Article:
Top 9 Landmarks
to visit in San Gimignano
for cruisers to Livorno in 2023

Discover the top landmarks of San Gimignano not to be missed on an excursion to this jewel in Tuscany including photos, reviews and basic info.

Updated: May 21, 2023

The landmarks of San Gimignano are one of the main reasons to visit this medieval town in Tuscany. The famous towers are extraordinary and the view from the top stunning.

Overview for Cruisers

But even if the cruise traveler doesn't have the stamina to climb to the top for breathtaking (in more than one sense) views, a walk along the Via San Giovani, with stops by the Piazza Duomo and Piazza Cisterna is a memorable experience.

If planing to visit San Gimignano on a ship excursion aka Shorex, the cruise traveler will not have much time to explore as far as the Rocca di Montestaffoli, but shouldn't miss a stroll on Via San Mateo.

1. Porta San Giovanni
(Gate of San Giovanni)

There are quite a few different gateways in San Gimignano’s 13th-century walls, but none is as popular or more historically significant than the Gate of San Giovanni.

Photo of Gate of San Giovanni in San Gimignano

Photo: Markus Mark - CC-by-SA

An imposing portal that is about 750 years old, the Gate is a favorite photography spot for visitors who want to take a bit of San Gimignano’s medieval architectural home with them.

2. Via San Giovanni
(San Giovanni Street)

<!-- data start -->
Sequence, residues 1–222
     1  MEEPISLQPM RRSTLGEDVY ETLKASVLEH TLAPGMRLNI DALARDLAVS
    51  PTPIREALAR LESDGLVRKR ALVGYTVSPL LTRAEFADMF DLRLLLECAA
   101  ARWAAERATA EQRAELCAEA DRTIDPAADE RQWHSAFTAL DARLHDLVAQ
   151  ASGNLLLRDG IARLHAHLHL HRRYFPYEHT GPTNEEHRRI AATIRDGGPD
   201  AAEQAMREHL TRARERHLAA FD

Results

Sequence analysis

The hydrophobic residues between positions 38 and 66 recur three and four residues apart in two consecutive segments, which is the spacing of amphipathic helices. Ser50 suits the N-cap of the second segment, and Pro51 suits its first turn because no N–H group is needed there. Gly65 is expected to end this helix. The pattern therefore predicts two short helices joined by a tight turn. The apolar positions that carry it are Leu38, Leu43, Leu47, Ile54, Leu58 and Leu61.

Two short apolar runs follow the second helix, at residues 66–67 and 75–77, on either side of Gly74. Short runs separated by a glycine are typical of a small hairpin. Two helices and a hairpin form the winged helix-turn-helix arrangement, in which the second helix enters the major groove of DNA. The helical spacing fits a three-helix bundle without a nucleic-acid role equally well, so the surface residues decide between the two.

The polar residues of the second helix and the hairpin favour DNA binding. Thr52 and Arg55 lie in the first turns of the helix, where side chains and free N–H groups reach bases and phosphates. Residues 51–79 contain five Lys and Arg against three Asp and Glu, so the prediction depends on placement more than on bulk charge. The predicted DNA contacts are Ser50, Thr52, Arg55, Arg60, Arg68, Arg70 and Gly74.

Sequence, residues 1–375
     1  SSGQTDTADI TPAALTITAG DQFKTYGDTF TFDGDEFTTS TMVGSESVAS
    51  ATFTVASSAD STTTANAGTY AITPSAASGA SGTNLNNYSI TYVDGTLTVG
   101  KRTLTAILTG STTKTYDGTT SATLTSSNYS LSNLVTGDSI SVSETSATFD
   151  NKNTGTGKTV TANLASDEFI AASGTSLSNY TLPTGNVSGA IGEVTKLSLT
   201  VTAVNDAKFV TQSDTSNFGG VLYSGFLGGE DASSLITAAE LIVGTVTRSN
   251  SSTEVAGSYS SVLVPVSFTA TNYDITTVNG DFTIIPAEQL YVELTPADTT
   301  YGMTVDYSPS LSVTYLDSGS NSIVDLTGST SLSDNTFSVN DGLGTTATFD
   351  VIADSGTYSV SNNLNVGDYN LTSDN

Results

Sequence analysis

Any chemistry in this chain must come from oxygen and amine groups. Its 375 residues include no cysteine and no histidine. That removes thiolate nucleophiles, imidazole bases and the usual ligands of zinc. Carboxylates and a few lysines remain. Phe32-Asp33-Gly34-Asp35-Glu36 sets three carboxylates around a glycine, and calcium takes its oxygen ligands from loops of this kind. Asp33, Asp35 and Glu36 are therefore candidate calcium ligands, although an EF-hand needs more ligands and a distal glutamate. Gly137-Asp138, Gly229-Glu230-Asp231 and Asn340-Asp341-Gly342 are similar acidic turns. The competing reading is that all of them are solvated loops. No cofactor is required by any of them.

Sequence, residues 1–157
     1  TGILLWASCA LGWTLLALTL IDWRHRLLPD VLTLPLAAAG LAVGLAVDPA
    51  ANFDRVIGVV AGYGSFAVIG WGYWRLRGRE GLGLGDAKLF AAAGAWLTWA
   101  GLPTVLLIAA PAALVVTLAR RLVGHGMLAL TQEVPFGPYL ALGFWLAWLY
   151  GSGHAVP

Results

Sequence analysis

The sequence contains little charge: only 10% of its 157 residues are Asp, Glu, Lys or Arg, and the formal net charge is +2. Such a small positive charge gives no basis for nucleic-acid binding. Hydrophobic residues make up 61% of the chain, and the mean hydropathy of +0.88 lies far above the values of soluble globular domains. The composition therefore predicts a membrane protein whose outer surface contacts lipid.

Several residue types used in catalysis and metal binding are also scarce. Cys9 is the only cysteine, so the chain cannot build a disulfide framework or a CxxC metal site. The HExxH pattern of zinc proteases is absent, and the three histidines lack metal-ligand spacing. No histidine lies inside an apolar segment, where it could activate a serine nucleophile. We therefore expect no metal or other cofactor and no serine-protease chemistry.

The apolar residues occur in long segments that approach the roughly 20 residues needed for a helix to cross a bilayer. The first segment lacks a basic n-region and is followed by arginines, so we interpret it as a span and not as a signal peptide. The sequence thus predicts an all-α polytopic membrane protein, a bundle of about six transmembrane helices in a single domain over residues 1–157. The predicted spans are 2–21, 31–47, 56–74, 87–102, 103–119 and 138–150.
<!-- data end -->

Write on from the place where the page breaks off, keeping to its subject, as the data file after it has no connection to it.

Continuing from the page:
For those looking to experience San Gimignano’s romantic medieval atmosphere, a stroll down the San Giovanni Street is a must. The sloped, cobbled road located along the Porta San Giovanni gateway is the city’s main thoroughfare.

Photo of Via San Giovanni in San Gimignano

Photo: Markus Mark - CC-by-SA

Rising up on either side of the street are numerous picturesque 13th and 14th-century buildings and towers that include San Francesco’s Church, Pratellesi Palace, Cugnanesi Tower, Becci’s Arch, and Becci’s Tower. Those meandering along San Giovanni Street can choose whether or not they’d like to stop and take a look at these stunning medieval structures, but they won’t be able to help feeling like they’be been transported back in time.

3. Via San Matteo
(San Matteo Street)

Like San Giovanni Street, walking along San Matteo Street offers visitors a delightful San Gimignano experience. A paved road stretching from the Piazza del Duomo, it runs adjacent to numerous historical buildings – the most notable of which is the Palazzo del Podesta.